**commit** 5a6eccd1596bb05f2a638e8ccb0b56e47ff950fc
**parent** 0ced0b0e860eaad687049fbc2d7c3a3f5f79313d
**Author:** Sebastiano Tronto <sebastiano.tronto@gmail.com>
**Date:** Sat, 29 Jan 2022 21:20:19 +0100
Fixed lists in README.md
**Diffstat:**

1 file changed, 2 insertions(+), 0 deletions(-)

**diff --git a/README.md b/README.md**
@@ -14,6 +14,7 @@ It can be useful to analyze your DR solves (and more, once I implement more feat
## Why should I use Nissy?
You should use Nissy if you:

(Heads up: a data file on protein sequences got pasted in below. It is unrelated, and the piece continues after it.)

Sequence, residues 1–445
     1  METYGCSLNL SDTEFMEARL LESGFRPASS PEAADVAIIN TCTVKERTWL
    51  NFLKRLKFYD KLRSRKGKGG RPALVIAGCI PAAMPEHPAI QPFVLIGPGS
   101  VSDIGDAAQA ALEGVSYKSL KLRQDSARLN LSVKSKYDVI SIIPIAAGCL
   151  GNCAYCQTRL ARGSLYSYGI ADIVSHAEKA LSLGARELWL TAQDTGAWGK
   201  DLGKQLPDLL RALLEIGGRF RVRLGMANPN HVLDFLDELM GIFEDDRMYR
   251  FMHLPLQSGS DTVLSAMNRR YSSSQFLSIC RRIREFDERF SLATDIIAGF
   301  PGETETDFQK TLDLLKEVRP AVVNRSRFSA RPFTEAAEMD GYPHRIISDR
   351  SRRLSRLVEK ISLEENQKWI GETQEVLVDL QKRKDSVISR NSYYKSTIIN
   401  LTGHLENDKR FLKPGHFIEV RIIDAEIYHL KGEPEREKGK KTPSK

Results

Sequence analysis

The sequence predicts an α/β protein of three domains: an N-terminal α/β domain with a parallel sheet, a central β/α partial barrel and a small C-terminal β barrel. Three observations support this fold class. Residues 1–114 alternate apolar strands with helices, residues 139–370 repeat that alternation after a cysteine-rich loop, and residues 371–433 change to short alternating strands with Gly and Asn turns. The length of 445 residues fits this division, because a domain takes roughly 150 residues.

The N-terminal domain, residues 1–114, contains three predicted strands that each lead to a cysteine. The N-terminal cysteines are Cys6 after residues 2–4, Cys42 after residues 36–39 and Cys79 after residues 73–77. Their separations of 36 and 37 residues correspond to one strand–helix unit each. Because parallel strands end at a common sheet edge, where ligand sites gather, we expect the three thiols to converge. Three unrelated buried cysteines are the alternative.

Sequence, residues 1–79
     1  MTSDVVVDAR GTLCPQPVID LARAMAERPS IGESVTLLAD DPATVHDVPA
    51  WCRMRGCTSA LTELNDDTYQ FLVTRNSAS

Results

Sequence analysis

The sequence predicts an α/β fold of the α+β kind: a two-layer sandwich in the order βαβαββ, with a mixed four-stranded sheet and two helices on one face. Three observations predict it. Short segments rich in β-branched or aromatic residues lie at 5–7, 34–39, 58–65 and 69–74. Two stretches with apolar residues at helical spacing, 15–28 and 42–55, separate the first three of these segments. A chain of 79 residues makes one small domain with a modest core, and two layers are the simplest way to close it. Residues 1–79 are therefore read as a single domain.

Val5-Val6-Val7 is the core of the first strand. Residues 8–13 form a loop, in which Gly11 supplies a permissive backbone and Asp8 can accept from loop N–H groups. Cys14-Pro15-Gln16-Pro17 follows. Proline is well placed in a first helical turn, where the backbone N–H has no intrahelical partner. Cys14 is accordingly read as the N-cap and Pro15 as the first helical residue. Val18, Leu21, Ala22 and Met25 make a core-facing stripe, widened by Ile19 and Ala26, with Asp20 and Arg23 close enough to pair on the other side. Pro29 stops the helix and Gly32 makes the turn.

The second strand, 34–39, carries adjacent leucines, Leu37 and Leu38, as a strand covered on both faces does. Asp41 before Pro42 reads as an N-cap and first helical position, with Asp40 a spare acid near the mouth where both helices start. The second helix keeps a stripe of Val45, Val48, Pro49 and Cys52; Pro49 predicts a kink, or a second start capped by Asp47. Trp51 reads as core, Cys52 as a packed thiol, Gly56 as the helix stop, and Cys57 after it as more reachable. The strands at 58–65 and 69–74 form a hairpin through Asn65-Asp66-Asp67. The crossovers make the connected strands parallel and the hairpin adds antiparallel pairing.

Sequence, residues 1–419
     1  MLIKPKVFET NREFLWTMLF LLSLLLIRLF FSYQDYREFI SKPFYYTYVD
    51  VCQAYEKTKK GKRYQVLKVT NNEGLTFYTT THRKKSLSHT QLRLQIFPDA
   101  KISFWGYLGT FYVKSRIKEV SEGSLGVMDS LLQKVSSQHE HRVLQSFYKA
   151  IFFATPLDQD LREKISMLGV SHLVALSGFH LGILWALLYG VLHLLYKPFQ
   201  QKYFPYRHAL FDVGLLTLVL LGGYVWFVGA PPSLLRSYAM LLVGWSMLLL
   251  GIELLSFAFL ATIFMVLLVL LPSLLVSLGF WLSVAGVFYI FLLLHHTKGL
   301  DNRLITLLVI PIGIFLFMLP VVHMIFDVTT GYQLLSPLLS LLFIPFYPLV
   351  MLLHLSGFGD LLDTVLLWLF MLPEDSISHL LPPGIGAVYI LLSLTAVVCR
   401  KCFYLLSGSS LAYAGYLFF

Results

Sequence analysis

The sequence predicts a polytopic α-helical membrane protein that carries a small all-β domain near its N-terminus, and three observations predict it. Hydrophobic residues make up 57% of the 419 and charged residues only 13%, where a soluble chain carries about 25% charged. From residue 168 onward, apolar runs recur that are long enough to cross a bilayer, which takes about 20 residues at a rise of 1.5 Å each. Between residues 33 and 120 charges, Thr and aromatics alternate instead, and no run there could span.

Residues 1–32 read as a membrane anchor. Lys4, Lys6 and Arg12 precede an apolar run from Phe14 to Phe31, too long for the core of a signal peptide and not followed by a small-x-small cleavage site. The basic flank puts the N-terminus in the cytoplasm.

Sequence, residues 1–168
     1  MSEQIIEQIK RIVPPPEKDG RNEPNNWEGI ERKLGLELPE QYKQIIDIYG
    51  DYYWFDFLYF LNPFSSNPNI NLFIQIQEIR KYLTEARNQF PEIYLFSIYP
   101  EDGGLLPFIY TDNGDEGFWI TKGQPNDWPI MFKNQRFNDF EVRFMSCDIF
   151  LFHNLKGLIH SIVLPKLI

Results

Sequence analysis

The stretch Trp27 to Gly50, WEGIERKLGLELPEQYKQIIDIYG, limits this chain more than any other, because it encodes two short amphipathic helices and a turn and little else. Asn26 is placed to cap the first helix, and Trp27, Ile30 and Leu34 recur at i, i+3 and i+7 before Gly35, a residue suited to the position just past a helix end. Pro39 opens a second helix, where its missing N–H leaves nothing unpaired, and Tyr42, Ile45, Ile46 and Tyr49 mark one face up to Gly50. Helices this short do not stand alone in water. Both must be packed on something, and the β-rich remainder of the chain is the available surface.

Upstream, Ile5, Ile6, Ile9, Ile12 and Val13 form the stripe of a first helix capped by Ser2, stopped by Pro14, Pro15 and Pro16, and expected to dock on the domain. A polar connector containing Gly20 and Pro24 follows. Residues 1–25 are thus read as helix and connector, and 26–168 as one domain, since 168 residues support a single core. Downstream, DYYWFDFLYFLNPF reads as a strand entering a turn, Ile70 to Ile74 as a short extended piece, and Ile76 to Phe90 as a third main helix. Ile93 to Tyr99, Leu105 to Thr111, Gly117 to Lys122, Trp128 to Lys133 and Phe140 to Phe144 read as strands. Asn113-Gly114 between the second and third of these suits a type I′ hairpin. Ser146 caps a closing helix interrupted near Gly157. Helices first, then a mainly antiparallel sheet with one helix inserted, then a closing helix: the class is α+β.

+
* Want to analyze your DR solutions or check for multiple optimal (or sub-optimal)
solutions for EO/DR/HTR or similar substeps.
* You just want a Rubik's cube solver and you like command line interfaces.
@@ -89,6 +90,7 @@ I'll try to explain here the main parts of the program.
### Cube, moves and transformations
There are many ways to represent a cube. In Nissy I use two:
+
* An array representation `CubeArray`: 3 arrays representing the permutation
of corners, edges and centers and 2 arrays for the orientation of corners and edges.
* An 11-integers representation `Cube`: 3 integers for edge orientation (with respect